About the Holiday
Today’s holiday celebrates all our feathered friends from the birds in our backyards to the chickens and turkeys that provide us with food to the penguins of Antarctica. They include wild birds and those in captivity, either as pets or in zoos or other aviaries. National Bird Day was established to promote an awareness of issues concerning the safety, health, and protection of the world’s birds. To celebrate put out birdseed and suet for winter birds or learn a little more about the birds in your area.
Written by Jim Averbeck | Illustrated by Amy Hevron
“Trevor stretched his wings the width of his safe, boring cage.” Even though he knew the door would open easily, he never ventured out because everything he needed was right within reach. Today, instead of being tempted to eat his one remaining striped seed—his favorite kind—he sang a lonesome song. Outside his window, Trevor suddenly saw a lemon bump his windowsill. He took it for a fellow canary and asked it to join in singing with him. “The lemon said nothing.”
Thinking that the canary was shy, Trevor picked up his cherished seed, opened the cage door, and flew outside. He placed the seed near the lemon, but the lemon stayed quiet. It didn’t take the hint that Trevor liked gifts too, either. Trevor jumped up and down on the branch, trying to get some reaction, but he only caused the seed to fall to the ground and the lemon to drop and be caught on a branch below.
Trevor was angry at the lemon and turned his back on it. He “saw the vast, frightening world stretched out before him. He felt very lonely.” Trevor looked back at the lemon and made a bargain. If the lemon was sorry for being rude, he said, it should say nothing. The lemon obliged, and Trevor forgave it. Trevor built a nest for himself and the lemon, and the two spent a cozy summer together. Below, the striped seed began to grow.
Every morning they sang together. “Trevor sang the notes. The lemon sang the silences.” Trevor was happy snuggling with the lemon and decided he was never leaving the nest. One day, a storm blew up. It shook the branch and then, in a strong gust of wind, the lemon flew out of the nest. On its way down, it hit the sunflower and knocked out its seeds. The lemon soon rolled out of sight.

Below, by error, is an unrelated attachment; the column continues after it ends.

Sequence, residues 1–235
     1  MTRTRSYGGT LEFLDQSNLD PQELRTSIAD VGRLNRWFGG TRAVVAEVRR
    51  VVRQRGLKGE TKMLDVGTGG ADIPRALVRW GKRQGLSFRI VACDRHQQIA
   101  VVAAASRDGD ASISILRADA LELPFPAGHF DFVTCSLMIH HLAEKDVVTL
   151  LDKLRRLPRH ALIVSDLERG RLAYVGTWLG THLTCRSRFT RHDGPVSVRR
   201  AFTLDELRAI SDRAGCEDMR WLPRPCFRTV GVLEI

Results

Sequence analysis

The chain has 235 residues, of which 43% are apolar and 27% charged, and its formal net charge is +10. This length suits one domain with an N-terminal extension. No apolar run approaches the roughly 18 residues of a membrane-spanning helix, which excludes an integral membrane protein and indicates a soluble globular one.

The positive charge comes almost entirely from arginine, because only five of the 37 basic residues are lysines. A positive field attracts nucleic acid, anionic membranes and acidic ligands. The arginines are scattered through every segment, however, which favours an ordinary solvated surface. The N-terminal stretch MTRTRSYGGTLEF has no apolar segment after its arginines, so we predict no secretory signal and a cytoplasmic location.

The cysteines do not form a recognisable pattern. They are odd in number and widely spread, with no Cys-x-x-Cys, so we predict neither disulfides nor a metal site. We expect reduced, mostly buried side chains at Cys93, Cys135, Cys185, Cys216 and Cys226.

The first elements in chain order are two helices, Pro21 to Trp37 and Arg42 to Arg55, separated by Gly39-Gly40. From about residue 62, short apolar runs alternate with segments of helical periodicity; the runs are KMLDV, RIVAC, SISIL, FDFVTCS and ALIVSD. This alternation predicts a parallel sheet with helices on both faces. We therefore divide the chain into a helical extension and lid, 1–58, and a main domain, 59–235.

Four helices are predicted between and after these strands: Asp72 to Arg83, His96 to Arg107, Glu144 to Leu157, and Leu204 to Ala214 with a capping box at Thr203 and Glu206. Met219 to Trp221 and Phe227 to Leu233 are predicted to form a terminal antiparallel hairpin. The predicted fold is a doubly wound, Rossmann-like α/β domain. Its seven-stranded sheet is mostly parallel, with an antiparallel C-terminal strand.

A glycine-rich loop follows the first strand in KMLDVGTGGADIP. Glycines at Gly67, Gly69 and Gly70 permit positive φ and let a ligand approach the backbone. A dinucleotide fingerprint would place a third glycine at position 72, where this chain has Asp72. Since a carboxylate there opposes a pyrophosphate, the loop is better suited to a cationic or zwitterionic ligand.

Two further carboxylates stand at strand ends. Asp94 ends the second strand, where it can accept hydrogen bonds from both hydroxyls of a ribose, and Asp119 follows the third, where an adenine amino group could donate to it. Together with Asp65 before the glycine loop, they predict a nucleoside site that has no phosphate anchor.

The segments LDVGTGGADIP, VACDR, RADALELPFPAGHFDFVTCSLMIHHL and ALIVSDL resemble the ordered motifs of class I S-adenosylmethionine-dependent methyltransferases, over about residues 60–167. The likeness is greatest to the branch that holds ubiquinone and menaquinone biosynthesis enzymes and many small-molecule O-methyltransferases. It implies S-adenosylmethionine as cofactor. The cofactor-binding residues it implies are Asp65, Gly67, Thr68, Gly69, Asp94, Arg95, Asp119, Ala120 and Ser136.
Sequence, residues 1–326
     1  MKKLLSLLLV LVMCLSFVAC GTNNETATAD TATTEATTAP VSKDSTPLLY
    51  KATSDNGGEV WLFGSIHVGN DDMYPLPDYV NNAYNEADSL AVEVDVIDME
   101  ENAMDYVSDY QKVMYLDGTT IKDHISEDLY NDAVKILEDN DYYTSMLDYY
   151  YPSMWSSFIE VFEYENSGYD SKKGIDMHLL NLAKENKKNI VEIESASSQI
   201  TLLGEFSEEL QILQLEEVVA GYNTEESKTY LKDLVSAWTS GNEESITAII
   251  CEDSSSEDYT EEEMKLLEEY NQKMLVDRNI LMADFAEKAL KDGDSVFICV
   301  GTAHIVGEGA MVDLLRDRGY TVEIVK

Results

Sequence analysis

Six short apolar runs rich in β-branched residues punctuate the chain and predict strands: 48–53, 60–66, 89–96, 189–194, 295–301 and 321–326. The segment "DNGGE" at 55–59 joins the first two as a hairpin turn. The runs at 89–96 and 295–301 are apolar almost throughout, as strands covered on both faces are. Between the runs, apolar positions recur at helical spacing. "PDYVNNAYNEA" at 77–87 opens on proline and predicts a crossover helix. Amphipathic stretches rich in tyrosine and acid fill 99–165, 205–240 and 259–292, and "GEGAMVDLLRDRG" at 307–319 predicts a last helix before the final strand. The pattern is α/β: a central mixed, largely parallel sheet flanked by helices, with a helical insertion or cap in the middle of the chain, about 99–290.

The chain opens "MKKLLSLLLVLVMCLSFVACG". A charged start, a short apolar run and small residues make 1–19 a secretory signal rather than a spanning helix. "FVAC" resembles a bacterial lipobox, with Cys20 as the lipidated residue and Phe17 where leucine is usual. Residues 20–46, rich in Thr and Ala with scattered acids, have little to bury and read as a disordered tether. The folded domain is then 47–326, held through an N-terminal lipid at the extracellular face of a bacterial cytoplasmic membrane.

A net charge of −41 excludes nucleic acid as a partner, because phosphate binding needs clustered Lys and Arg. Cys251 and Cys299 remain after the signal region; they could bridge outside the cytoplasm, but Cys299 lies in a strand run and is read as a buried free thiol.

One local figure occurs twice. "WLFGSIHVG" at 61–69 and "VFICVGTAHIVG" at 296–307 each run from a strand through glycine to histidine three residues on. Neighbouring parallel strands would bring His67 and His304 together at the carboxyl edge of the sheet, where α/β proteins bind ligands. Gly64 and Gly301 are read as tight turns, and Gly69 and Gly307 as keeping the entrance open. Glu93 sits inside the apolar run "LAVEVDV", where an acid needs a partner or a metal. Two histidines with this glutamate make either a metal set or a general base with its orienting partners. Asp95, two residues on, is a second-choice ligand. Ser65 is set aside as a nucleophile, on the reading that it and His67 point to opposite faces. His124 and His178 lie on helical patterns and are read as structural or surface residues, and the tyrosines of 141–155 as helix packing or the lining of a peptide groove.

Trevor flew into the storm to look for his friend, but he couldn’t find the lemon anywhere. “Trevor cowered among the scattered seeds and wept.” Suddenly, though, a group of colorful birds appeared, wondering if the seeds were Trevor’s and whether he would share them. He agreed, knowing that the lemon “would have wanted it that way.” In the fall, Trevor and his new friends flew south to spend the winter there. They sang together on their journey. Trevor was happy, “but he never forgot his first shy friend…who gave him everything, and asked for nothing.”
Jim Averbeck’s gentle nudge for children who are hesitant to venture out of their comfort zone tenderly shows how taking a chance and sharing one’s talents or favorite things can lead to positive and rewarding experiences and new friendships. Through Trevor’s friendship with the silent lemon, Averbeck highlights Trevor’s natural kindness, a quality that leads him to find his inner strength and sociability. Cleverly weaving together the ideas of “leaving the nest” and “sowing seeds of friendship,” Averbeck creates a moving storyline that will hearten quieter children and inspire them to reach out in ways that are comfortable and meaningful to them.
Amy Hevron endears little Trevor to readers with her soft acrylics-on-wood illustrations full of sweet hugs and selfless acts that bring this adorable bird his first, best friend. The close-up focus of these images serves to also emphasize Trevor’s loneliness and trepidation when he later turns away from the lemon and overlooks a vast forest. The appearance of a diverse group of birds attracted by Trevor’s seeds will cheer readers, especially as Trevor joins them on their flight south. The last page offers a just-right surprise that gives kids and adults another opportunity to talk about the nature of friendship.
A tribute to formative friendships and self-discovery, Trevor makes an uplifting addition to home, classroom, and public library collections.
Ages 4 – 8
Roaring Brook Press, 2018 | ISBN 978-1250148285
Discover more about Jim Averbeck and his books on his website.
To learn more about Amy Hevron, her books, and her art, visit her website.
National Bird Day Activity
Cheery Canary Centerpiece
Brighten up your winter table with this cute birdy centerpiece! Kids will have fun making their own birds and nest with a couple of lemons and a few easy-to-find supplies.
- Lemons (one for each bird)
- Googly eyes
- Yellow tissue paper
- Yellow felt, fleece, or paper
- Brown paper sandwich bag
- Parchment paper or other light paper
- Strong glue
To Make the Bird
- Insert the toothpick into the lemon to make the beak
- Glue on the eyes
- Cut a length of tissue paper about 2 inches by 4 inches
- Fold the paper in narrow widths accordion style
- Pinch one end together and fan out the paper to make the tail
- Flatten the pinched end and glue it to the lower back of the lemon
- Crumple a bit of tissue paper and glue to the top of the lemon
- Cut small wings from the felt, fleece, or paper
- Glue the wings to the sides of the lemon
To Make the Nest
- Cut the bag open along one side and along the bottom
- Roll up the bag and form it into a circle, taping the ends together. (To make a larger nest tape two bags together)
- To make the nesting material, cut narrow strips from the parchment or light paper
- Fill the ring with the nesting material
Set the bird or birds in the nest
You can find Trevor at these booksellers
Picture Book Review